Journal of Bioscience and Bioengineering, Vol.129, No.6, 756-764, 2020
Chondrogenic differentiation of mesenchymal stem/stromal cells on 3D porous poly (epsilon-caprolactone) scaffolds: Effects of material alkaline treatment and chondroitin sulfate supplementation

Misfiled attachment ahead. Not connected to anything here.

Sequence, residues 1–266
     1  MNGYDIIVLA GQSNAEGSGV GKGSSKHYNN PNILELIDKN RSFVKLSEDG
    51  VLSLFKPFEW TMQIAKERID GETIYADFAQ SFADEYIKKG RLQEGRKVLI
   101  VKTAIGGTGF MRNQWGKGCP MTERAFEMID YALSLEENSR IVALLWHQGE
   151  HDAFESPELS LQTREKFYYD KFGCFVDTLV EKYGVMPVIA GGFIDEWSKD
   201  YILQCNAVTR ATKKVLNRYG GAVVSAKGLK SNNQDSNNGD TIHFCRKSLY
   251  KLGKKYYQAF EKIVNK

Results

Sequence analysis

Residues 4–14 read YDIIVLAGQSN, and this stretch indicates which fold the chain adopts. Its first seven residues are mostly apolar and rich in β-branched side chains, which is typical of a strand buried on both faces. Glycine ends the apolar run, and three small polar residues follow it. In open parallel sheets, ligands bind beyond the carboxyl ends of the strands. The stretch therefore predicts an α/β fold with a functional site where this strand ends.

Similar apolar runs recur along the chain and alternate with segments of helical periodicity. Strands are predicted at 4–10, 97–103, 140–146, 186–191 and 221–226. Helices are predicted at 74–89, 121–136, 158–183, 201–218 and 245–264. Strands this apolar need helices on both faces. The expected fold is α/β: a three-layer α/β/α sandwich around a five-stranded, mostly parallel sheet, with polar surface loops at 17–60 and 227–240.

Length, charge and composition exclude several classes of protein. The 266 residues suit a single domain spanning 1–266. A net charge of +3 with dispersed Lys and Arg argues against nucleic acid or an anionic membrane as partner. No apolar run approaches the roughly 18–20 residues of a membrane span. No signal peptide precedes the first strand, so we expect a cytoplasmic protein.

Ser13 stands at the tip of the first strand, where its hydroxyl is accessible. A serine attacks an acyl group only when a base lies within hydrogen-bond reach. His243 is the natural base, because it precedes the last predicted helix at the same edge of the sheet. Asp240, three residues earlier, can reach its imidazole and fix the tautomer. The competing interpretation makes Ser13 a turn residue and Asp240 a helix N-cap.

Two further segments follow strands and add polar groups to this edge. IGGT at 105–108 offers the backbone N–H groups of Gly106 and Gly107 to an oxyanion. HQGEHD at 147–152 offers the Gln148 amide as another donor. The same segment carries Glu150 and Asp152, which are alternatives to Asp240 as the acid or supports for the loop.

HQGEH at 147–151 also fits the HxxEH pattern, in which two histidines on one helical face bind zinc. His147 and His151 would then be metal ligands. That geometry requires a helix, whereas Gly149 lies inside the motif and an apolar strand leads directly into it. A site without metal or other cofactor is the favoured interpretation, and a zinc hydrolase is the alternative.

Cartilage defects resultant from trauma or degenerative diseases (e.g., osteoarthritis) can potentially be repaired using tissue engineering (TE) strategies combining progenitor cells, biomaterial scaffolds and bio-physical/chemical cues. This work examines promoting chondrogenic differentiation of human bone marrow mesenchymal stem/stromal cells (BM-MSCs) by combining the effects of modified poly (epsilon-caprolactone) (PCL) scaffolds hydrophilicity and chondroitin sulfate (CS) supplementation in a hypoxic 5% oxygen atmosphere. 3D-extruded PCL scaffolds, characterized by mCT, featured a 21 mm(-1) surface area to volume ratio, 390 mm pore size and approximately 100% pore interconnectivity. Scaffold immersion in sodium hydroxide solutions for different periods of time had major effects in scaffold surface morphology, wettability and mechanical properties, but without improvements on cell adhesion. In-situ chondrogenic differentiation of BM-MSC seeded in 3D-extruded PCL scaffolds resulted in higher cell populations and ECM deposition along all scaffold structure, when chondrogenesis was preceded by an expansion phase. Additionally, CS supplementation during BM-MSC expansion was crucial to enhance aggrecan gene expression, known as a hallmark of chondrogenesis. Overall, this study presents an approach to tailor the wettability and mechanical properties of PCL scaffolds and supports the use of CS-supplementation as a biochemical cue in integrated TE strategies for cartilage regeneration. (C) 2020, The Society for Biotechnology, Japan. All rights reserved.